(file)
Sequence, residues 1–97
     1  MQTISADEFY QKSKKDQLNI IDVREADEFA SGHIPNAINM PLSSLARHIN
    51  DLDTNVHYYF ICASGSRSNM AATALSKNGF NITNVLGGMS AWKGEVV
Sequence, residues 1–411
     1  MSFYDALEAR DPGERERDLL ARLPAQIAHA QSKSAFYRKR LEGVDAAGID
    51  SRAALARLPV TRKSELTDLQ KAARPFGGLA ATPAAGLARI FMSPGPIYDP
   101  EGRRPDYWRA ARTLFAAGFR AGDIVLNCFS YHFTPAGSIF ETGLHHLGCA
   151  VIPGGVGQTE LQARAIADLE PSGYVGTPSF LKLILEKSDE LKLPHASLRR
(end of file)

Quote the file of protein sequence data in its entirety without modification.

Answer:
Sequence, residues 1–97
     1  MQTISADEFY QKSKKDQLNI IDVREADEFA SGHIPNAINM PLSSLARHIN
    51  DLDTNVHYYF ICASGSRSNM AATALSKNGF NITNVLGGMS AWKGEVV
Sequence, residues 1–411
     1  MSFYDALEAR DPGERERDLL ARLPAQIAHA QSKSAFYRKR LEGVDAAGID
    51  SRAALARLPV TRKSELTDLQ KAARPFGGLA ATPAAGLARI FMSPGPIYDP
   101  EGRRPDYWRA ARTLFAAGFR AGDIVLNCFS YHFTPAGSIF ETGLHHLGCA
   151  VIPGGVGQTE LQARAIADLE PSGYVGTPSF LKLILEKSDE LKLPHASLRR